Kate Lohnes, writing for Encyclopædia Britannica, notes similarities between Brave New World and other novels of the era could be seen as expressing "common fears surrounding the rapid advancement of technology and of the shared feelings of many tech-skeptics during the early 20th century". Other dystopian novels followed Huxley's work, including Orwell's Nineteen Eighty-Four ().[53]

Legacy[edit]

In , the Modern Library ranked Brave New World fifth on its list of the best English-language novels of the 20th century.[2] In , Robert McCrum writing for The Observer included Brave New World chronologically at number 53 in "the top greatest novels of all time",[3] and the novel was listed at number 87 on the BBC's survey The Big Read.[4]

On 5 November , the BBC News listed Brave New World on its list of the most influential novels.[54]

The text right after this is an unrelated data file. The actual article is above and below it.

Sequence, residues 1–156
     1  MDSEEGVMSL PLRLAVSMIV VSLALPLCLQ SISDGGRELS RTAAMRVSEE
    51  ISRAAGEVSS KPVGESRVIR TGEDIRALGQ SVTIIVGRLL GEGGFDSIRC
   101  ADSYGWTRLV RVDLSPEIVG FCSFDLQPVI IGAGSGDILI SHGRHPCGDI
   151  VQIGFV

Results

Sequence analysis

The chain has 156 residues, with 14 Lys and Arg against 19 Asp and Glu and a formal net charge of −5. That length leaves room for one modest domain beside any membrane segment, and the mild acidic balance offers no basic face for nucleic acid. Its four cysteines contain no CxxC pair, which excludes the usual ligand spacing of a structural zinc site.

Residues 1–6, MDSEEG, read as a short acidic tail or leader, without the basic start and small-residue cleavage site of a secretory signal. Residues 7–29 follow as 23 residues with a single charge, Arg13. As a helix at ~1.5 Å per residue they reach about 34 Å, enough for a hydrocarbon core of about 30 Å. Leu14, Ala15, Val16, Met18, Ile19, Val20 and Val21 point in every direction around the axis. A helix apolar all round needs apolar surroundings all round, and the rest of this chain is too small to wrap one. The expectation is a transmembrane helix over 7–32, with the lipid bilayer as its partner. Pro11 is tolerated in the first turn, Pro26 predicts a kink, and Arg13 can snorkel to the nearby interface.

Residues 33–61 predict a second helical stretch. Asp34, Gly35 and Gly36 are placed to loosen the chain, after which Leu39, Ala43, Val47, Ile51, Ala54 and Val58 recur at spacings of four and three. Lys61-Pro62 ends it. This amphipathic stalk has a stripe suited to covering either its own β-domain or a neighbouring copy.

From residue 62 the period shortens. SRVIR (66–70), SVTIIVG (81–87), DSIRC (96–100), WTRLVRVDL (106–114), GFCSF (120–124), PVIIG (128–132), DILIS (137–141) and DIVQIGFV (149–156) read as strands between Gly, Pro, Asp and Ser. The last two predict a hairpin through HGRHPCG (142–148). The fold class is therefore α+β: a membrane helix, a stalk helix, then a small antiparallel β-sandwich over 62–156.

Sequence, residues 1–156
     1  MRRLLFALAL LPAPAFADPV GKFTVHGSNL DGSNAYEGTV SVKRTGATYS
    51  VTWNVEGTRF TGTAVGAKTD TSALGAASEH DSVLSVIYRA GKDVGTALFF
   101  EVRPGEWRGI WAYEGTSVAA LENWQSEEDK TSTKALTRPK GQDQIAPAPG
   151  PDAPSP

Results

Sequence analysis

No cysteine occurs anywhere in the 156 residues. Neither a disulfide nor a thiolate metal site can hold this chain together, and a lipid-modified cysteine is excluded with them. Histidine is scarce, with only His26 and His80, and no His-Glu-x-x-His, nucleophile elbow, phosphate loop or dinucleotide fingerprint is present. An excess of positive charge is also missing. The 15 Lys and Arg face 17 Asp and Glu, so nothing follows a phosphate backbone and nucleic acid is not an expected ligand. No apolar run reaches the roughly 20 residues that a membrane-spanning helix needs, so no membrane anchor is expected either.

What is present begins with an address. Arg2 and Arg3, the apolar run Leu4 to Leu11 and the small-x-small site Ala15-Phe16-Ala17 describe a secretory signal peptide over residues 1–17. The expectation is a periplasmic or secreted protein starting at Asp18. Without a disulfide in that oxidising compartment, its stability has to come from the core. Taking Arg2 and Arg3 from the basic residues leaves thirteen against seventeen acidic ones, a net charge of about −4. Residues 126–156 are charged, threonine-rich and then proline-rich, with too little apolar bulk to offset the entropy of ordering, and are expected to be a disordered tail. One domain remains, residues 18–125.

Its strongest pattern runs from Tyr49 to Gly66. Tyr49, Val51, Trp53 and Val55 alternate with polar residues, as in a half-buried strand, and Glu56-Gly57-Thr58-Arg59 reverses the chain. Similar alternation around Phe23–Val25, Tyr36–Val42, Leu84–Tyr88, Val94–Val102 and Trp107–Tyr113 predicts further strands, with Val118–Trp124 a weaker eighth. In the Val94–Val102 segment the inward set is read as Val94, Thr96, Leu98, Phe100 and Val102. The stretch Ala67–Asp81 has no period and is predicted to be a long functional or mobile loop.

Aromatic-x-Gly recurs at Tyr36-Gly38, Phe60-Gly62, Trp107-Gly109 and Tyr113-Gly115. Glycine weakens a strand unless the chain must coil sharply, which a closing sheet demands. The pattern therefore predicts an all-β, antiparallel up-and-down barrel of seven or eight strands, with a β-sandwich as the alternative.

Adaptations[edit]

Theatre[edit]

  • Brave New World (opened 4 September ) in co-production by Royal & Derngate, Northampton and Touring Consortium Theatre Company which toured the UK. The adaptation was by Dawn King, composed by These New Puritans and directed by James Dacre.

Radio[edit]

  • Brave New World (radio broadcast) CBS Radio Workshop (27 January and 3 February ): music composed and conducted by Bernard Herrmann. Adapted for radio by William Froug. Introduced by William Conrad and narrated by Aldous Huxley. Featuring the voices of Joseph Kearns, Bill Idelson, Gloria Henry, Charlotte Lawrence,[55] Byron Kane, Sam Edwards, Jack Kruschen, Vic Perrin, Lurene Tuttle, Herb Butterfield, Paul Hebert, Doris Singleton.[56]
  • Brave New World (radio broadcast) BBC Radio4 (May )
  • Brave New World (radio broadcast) BBC Radio4 (22, 29 May )

Film[edit]

Television[edit]